This new concept could open a whole new dimension of interaction amongst users, but the initial hurdle will be educating users about the new features so that it becomes a natural part of their gesture arsenal. With 3D Touch, it could potentially be a problem that users may not know where the hidden menus or functions are, as not all apps will support this feature. This means that users will have to look to see where 3D Touch can be used and over time they may stop engaging with it if it’s not something that they find themselves using often.

Of course, those first clues and hints will need to be given by us designers, but in the longer term it's going to be interesting to see how and where designers choose to put 3D Touch to use in their apps.

How can designers incorporate the new features into their apps?

In the longer term, I think it's going to be interesting to see how and where designers choose to put 3D Touch to use in their apps. At present, designers have limited space to work with when it comes to building apps and they are restricted by what they can do without the app feeling too cluttered. With 3D Touch, designers will be given more freedom so that they can move away from traditional drop down menus when it comes to giving users multiple action options and I believe it will greatly minimise app clutter.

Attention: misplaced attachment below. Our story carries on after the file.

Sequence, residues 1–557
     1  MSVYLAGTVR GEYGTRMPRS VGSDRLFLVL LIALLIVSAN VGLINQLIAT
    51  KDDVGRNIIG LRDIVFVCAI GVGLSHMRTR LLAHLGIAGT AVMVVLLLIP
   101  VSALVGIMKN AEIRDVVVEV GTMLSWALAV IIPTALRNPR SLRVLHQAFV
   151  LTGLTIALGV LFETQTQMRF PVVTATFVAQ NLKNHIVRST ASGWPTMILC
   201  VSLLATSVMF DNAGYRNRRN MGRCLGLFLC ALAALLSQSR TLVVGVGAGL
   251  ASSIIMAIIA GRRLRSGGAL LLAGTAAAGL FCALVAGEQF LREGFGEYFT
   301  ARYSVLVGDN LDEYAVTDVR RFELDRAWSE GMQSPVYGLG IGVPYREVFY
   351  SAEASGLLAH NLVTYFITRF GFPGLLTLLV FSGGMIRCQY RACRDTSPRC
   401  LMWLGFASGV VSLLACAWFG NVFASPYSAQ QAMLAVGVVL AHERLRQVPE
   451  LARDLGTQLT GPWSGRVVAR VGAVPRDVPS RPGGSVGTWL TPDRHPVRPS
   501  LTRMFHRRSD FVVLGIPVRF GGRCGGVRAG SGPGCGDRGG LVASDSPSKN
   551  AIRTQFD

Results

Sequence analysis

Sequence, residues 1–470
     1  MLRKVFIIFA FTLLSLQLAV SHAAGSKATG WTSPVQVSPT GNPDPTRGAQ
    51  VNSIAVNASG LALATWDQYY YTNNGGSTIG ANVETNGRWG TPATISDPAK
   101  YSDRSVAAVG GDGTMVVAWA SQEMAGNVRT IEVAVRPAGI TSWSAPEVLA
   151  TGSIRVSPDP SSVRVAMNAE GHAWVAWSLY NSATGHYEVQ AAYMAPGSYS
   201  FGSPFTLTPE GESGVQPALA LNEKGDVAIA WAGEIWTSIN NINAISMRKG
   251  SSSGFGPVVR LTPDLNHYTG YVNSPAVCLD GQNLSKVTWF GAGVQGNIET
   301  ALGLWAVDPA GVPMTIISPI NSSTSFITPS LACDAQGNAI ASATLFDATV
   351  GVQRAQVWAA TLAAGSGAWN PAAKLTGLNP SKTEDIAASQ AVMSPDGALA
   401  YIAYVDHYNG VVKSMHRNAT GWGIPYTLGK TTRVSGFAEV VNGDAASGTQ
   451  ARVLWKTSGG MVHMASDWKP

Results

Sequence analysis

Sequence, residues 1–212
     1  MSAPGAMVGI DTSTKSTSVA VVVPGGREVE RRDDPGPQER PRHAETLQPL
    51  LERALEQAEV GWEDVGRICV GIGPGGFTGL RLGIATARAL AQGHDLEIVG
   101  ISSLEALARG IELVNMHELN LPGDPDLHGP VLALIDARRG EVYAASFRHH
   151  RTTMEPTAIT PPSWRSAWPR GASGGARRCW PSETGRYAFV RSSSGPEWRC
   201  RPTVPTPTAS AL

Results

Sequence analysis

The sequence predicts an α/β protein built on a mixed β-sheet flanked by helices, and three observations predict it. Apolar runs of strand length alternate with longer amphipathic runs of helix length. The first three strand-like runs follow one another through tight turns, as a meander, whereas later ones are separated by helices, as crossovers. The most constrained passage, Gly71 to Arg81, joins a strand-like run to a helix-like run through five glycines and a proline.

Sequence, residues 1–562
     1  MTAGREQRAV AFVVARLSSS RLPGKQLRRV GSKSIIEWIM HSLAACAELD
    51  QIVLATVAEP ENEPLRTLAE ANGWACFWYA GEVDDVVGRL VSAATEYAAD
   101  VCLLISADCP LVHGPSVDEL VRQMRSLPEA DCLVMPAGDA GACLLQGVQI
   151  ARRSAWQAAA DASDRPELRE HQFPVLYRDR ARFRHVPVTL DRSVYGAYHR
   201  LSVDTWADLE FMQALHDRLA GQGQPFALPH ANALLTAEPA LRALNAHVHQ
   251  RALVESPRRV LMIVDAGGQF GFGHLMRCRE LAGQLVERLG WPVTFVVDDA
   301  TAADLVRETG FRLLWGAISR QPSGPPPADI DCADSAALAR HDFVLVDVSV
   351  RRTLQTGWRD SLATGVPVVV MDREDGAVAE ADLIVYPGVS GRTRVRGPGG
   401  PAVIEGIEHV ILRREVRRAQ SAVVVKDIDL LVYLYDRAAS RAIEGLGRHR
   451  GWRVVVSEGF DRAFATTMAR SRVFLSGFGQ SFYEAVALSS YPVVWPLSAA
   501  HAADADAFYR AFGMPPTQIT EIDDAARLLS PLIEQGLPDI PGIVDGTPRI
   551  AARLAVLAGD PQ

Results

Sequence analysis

By having a greater selection of gestures and various ways that people can interact with their apps using 3D Touch, this should enable designers to create much simpler user interfaces. This is a big step forward for developers, and with the transitions between the ‘Peek’ and ‘Pop’ options in 3D Touch, it will also give designers a lot to think about with the way they animate the modals in the app.

‘Peek’ allows the user to press harder on an app using 3D touch to preview things such as an email, view photographs, browse a webpage or check a location all without having to actually open the app. ‘Pop’ then allows users to press a little harder and be taken directly into the app that holds that information.

How will this work when designing across platforms?

While all these features make for smooth navigation between various actions and hidden options on the iPhone 6S, they do open up slight issues when it comes to designing across platforms.

This is particularly relevant when it comes to creating apps that will be used on both the iPhone and Android devices. Designers will need to be cautious with how they incorporate 3D Touch into the user interface and how this would affect the android side of things. For example, some actions may have to be swapped to ‘tap and hold’ functions.

All of these features have the potential to truly transform the user experience, but it’s important to remember that they are still in the very early stages and the devices are yet to make their way into the hands of the consumer. For people to make the most of this new technology and understand exactly how it works, there needs to be a large amount of education around the various ways the features can be used throughout apps.

Without this, users will have difficulty engaging with the devices and this may affect levels of adoption. Having said this, this is an exciting advancement in mobile phone technology and it going to be interesting to see the response from consumers and the industry once the devices have been launched.

Matthew Hunt, CEO of Apadmi Enterprise, the enterprise app development division of mobile app developer Apadmi